Renewables exceed nuclear in Korea’s energy capacity, may change after nuclear joins taxonomy

2022.09.20 14:40:36

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Renewable energy source facilities– mostly solar panels – took up more than 20 percent of South Korean power generating capacity for this year, greater than 17.3 percent from nuclear reactors, but the energy source mix may change under the new government intent to fully utilize nuclear power

According to data from Korea Power Exchange on Tuesday, the power capacity of renewable energy reached 27,103 megawatt (MW) as of September, accounting for 20.1 percent of entire capacity. The share quadruples 5 percent a decade ago and higher than 19.8 percent in July.

Solar power accounted for 15.1 percent of renewable energy with 20,305 MW, followed by water, bio, and wind powers with each 1.3 percent.

Of entire energy capacity, liquefied natural gas (LNG) took up the largest share of 30.8 percent, followed by coal 27.2 percent. Nuclear reactor capacity stopped at 17.3 percent.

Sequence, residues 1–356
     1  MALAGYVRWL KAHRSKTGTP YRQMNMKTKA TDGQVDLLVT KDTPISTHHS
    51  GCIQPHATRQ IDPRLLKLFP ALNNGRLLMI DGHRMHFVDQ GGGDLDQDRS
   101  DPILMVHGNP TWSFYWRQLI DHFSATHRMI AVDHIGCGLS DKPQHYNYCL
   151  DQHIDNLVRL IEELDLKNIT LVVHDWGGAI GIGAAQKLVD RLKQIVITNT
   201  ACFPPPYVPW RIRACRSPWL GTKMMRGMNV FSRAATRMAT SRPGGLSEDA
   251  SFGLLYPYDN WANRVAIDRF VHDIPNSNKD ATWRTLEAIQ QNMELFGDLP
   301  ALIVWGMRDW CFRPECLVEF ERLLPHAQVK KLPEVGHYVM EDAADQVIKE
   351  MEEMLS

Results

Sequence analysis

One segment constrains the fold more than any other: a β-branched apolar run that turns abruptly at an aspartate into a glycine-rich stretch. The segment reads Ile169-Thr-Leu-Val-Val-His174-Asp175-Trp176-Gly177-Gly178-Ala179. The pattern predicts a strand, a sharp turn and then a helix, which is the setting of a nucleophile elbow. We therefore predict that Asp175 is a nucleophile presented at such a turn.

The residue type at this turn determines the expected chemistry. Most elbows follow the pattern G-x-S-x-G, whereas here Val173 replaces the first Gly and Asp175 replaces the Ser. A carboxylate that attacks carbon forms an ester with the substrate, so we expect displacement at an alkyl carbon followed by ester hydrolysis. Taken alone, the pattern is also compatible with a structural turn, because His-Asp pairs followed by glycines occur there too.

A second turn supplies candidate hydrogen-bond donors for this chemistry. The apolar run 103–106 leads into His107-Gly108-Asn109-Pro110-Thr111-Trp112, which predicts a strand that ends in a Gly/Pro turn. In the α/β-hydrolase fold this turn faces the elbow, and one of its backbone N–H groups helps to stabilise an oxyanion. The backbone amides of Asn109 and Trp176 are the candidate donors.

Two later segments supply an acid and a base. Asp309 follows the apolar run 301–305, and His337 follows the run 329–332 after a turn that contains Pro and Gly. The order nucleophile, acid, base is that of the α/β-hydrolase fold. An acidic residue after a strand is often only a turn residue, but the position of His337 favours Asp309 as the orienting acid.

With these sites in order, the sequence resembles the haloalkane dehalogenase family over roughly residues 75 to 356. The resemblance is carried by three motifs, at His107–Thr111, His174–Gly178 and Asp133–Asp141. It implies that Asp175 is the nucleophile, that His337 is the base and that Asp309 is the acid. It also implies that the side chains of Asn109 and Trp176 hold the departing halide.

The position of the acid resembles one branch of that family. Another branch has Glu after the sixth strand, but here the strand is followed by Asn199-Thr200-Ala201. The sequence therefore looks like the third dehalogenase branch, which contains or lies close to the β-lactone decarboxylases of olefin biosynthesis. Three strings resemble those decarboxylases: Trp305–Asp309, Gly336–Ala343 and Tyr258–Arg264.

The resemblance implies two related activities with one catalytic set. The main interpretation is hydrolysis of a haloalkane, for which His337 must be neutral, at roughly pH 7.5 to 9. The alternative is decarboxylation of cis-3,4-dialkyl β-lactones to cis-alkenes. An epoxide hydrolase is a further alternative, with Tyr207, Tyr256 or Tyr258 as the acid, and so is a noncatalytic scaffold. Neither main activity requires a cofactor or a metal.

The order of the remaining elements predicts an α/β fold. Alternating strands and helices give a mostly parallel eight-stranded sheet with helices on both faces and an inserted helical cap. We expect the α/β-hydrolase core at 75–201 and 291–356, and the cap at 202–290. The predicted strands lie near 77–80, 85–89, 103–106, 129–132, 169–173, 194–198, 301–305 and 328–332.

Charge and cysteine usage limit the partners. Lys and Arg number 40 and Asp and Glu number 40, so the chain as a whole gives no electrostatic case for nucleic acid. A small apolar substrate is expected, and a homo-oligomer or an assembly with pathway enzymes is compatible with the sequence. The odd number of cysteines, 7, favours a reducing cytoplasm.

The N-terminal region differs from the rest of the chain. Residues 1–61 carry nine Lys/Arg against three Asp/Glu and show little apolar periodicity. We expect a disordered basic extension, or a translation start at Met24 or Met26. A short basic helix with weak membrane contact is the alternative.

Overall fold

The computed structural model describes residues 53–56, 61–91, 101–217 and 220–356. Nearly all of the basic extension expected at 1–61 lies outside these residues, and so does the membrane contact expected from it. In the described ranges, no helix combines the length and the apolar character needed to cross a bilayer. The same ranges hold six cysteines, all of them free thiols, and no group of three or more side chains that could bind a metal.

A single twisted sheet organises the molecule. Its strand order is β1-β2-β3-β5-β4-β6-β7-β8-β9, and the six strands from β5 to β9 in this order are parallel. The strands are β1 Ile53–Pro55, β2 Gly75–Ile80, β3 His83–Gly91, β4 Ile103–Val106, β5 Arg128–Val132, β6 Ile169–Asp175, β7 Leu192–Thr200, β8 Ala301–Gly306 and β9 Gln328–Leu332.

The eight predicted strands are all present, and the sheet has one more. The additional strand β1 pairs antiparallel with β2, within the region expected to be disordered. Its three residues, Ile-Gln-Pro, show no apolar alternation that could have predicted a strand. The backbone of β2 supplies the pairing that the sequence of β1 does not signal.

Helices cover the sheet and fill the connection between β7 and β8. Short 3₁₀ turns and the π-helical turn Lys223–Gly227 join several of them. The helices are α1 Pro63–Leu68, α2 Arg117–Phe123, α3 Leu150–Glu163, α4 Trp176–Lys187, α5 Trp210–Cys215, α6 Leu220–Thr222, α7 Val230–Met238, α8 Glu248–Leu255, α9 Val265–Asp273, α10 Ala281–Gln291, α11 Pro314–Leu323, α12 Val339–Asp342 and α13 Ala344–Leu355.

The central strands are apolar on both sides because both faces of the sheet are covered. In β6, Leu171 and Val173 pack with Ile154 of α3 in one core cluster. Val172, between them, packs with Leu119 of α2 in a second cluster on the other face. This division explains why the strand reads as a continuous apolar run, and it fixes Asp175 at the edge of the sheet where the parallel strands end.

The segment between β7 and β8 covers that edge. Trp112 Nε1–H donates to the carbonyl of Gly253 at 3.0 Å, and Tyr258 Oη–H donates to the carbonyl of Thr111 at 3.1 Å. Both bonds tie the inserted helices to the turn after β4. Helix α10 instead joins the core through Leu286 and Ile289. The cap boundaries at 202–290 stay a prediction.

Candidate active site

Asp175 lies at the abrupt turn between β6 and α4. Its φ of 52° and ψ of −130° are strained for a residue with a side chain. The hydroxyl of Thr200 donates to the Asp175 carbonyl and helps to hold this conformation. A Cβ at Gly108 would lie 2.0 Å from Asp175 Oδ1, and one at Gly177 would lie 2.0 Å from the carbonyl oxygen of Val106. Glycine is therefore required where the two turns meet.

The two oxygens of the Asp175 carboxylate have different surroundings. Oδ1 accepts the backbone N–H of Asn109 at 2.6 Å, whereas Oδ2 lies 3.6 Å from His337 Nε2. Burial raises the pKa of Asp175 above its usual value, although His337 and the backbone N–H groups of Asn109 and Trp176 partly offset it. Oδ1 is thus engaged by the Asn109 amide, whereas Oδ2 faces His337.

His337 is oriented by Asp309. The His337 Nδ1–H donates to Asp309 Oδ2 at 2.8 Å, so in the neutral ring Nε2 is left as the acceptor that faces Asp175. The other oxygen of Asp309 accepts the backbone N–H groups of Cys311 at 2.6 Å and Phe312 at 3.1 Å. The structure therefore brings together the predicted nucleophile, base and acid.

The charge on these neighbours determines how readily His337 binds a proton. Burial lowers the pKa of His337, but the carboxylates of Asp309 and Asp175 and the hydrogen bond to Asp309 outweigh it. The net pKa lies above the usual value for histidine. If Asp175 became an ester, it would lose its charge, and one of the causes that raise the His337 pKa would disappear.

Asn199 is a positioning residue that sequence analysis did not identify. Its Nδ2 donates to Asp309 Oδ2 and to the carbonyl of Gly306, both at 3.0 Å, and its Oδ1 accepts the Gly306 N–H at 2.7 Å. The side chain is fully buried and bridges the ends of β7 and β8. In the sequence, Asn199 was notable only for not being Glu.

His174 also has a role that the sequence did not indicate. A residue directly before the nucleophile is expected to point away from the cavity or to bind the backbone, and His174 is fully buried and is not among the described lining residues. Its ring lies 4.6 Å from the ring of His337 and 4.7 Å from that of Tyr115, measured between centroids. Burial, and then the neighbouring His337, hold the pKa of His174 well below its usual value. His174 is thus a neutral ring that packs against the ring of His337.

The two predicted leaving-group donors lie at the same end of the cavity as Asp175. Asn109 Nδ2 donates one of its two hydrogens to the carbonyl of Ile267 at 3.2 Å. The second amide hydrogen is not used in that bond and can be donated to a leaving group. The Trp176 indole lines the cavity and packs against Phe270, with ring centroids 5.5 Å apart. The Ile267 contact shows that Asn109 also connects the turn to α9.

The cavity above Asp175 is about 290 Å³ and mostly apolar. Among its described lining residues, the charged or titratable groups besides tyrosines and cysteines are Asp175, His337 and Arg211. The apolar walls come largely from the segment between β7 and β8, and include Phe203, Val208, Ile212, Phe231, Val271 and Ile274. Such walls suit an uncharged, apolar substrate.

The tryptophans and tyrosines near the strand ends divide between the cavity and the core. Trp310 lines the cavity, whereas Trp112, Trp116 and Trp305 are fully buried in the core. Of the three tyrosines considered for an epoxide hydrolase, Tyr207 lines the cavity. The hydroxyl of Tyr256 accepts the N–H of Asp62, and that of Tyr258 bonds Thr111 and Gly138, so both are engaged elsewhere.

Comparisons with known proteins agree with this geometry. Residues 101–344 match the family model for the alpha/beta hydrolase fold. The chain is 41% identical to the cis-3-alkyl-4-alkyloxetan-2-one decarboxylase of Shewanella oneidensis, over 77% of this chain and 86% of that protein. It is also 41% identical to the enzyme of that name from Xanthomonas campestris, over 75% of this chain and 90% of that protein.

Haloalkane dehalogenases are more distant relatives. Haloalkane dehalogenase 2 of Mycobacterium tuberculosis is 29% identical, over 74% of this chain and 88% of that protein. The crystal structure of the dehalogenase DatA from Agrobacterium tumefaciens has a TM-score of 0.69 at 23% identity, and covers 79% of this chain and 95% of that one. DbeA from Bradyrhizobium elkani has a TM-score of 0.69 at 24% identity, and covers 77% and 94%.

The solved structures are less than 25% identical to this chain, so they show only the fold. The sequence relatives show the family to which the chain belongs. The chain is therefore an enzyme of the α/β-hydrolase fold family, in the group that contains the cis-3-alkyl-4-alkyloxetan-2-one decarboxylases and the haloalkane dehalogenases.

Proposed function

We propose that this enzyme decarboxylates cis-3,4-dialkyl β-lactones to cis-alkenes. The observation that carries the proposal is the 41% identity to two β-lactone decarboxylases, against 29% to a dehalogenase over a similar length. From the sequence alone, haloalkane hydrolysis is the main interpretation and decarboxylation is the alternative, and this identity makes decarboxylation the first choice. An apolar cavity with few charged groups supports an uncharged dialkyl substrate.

Solar power facilities expanded 18 times to take up 15.1 percent from 0.8 percent.

Reactor capacity dropped to 17.3 percent from 25.3 percent amid phase-out policy under the previous administration.

Despite sharp expansion in capacity, contribution to power did not increase that much.

Korea Power Exchange data showed that generation from renewable energy reached 4,581 gigawatt hour (GWh) in July, accounting for only 8.3 percent of entire 55,018 GWh. Nuclear energy generation took up 27.9 percent, coal 35.8 percent, and gas 26.9 percent.

Energy infrastructure mix will slightly change under the government of Yoon Suk-yeol presidency out to fully restore reactor capacity.

According to plans announced by the Ministry of Trade, Industry and Energy in August, the government will expand nuclear energy to 32.8 percent of total in 2030 while maintain renewable energy at 221.5 percent. The figures are 8.9 percentage points higher for nuclear energy and 8.7 percentage points lower for renewable compared with the previous Moon Jae-in administration.

The Environment Ministry announced Tuesday it will include nuclear energy in the Korean taxonomy to formally give it a green label for sustainable activities and investment.

By Pulse

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